Journal of Political Risk, Vol. 10, No. 2, February 2022
Richard Shortt, Ph.D.
Leader of New Zealand’s multi-agency Combined Threat Assessment Group
The work of unravelling Putin’s folly in the Ukraine began February 24 with the firing of the first missiles and artillery shells that signalled his invasion. It will be slow, time-consuming work, assuming no national uprisings in either the Ukraine or Russia by ordinary folks demanding an end to the killing and destruction, or more significant interventions by Western powers – both of which I consider unlikely. It will, in all probability, take longer than the time Putin has left sitting on the Russian imperial throne. But it will happen.
We are currently in what I term the Chaos Phase of the work. This is where invasion leads to death, destruction, despair and defiance. It is the defiance that will ultimately lead us to the next phase, meanwhile, troops and civilians will die, infrastructure will be destroyed and damaged and people on all sides of the issue will watch in stunned horror at what modern warfare and forced occupation means in a modern-day European country.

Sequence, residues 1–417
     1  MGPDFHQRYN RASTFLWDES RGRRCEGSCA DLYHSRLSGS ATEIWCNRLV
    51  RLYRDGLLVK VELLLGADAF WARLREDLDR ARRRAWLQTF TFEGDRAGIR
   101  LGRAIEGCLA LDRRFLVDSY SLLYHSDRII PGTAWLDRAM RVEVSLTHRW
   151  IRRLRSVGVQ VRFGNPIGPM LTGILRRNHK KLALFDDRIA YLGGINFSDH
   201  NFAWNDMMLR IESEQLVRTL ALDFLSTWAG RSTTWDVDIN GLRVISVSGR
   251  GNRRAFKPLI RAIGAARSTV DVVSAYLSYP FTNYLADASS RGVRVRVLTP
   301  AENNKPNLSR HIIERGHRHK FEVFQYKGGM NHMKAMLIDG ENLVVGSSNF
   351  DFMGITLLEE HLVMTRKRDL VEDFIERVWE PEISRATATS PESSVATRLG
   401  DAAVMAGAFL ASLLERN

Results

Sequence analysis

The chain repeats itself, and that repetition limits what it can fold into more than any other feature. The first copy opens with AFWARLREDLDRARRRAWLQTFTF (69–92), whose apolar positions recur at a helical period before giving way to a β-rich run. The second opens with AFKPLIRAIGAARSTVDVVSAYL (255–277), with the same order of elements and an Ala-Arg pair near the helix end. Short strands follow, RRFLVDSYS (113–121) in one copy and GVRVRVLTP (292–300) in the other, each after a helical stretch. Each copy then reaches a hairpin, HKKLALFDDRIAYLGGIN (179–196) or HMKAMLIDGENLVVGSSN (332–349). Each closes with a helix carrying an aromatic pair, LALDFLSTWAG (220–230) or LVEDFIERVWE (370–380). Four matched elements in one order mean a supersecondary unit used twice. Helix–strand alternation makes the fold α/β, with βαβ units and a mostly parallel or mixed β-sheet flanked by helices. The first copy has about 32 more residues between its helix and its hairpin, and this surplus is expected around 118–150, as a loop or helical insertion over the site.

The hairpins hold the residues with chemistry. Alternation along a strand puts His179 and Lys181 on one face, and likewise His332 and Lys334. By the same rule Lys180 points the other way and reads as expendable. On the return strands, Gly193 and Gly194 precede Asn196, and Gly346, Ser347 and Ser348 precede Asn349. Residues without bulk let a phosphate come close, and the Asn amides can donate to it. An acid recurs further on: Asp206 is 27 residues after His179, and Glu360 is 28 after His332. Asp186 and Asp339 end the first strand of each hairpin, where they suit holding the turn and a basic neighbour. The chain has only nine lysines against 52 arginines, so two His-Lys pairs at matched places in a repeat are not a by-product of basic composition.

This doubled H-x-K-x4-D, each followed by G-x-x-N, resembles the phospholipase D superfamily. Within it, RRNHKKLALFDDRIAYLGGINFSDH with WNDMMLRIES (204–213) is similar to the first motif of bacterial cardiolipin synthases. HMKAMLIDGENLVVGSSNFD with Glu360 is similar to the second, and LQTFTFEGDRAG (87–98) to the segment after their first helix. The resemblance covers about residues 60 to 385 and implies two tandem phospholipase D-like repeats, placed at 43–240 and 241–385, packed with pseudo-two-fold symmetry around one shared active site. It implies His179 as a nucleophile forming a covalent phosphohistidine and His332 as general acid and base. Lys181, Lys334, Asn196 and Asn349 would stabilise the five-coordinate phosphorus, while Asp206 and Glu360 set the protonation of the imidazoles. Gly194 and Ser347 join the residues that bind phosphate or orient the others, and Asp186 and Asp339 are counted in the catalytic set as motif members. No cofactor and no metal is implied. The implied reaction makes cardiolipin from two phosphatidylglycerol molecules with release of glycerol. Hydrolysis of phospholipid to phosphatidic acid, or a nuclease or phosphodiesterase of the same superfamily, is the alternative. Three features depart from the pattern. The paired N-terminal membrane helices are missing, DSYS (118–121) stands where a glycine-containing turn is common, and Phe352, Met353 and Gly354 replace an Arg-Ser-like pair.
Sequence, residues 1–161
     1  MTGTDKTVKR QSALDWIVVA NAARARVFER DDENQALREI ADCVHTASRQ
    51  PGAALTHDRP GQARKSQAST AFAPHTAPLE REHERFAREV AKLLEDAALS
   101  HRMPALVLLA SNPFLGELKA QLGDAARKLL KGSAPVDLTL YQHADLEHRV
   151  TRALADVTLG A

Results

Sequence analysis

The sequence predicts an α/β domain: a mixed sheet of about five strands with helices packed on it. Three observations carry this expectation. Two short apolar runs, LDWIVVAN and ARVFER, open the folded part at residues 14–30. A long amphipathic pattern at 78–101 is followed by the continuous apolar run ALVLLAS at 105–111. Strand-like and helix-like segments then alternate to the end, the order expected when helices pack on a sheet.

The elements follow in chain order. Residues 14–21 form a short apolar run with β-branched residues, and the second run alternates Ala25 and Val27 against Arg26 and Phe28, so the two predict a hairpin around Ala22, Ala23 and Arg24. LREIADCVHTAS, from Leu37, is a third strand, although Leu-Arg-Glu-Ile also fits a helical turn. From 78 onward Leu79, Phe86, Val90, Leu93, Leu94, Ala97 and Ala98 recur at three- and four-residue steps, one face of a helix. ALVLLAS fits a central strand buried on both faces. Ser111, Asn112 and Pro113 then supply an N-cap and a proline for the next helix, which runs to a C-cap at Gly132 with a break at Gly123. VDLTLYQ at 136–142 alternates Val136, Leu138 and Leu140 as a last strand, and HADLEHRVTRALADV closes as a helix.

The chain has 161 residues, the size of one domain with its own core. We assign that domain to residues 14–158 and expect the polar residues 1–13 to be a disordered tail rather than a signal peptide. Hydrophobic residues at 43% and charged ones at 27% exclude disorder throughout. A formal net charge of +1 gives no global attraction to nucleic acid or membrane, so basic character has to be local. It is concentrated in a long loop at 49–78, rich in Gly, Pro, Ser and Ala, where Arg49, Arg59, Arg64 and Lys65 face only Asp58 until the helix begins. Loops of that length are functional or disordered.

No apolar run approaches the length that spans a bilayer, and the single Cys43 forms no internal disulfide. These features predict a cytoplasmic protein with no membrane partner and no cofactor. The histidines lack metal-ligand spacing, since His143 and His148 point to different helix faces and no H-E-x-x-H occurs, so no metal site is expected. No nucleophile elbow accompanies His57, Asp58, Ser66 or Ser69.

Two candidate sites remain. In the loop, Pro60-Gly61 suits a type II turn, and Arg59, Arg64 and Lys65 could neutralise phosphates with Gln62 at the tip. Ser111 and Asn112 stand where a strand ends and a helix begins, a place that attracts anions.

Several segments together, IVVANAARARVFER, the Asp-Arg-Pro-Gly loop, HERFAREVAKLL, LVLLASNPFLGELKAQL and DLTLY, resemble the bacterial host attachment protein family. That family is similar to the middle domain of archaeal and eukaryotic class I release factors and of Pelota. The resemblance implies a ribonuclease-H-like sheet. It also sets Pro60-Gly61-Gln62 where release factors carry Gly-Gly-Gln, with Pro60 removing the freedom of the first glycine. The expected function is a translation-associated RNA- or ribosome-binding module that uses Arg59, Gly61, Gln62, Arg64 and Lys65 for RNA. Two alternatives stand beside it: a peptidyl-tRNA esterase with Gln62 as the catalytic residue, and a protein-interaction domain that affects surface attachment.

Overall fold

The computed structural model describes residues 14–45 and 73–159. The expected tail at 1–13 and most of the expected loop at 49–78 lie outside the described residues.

The Russian forces will emerge victorious. There is very little doubt about that, but not before the Ukrainian efforts deliver martyrs who will fuel the next phase – Resistance.
Media reports may have already given us the battle-cry for the Resistance Phase – “Go F*** Yourself” – the apparent final words from 13 Ukrainian Border Guards who, when faced with overwhelming force and no hope of rescue, made their views clear to encircling Russian forces. Resistance will be slow to mobilise fully. It may even take years to build momentum, but the defiance provided by the Chaos Phase will provide the spark, fuel and burning it requires. That initial impetus will over time be replaced by hatred of the occupiers who will be forced into a death spiral of harsher repression, secret police ‘disappearance squads’ and more martyrs to inspire those among the 40 million Ukrainians that Russia has set out to control.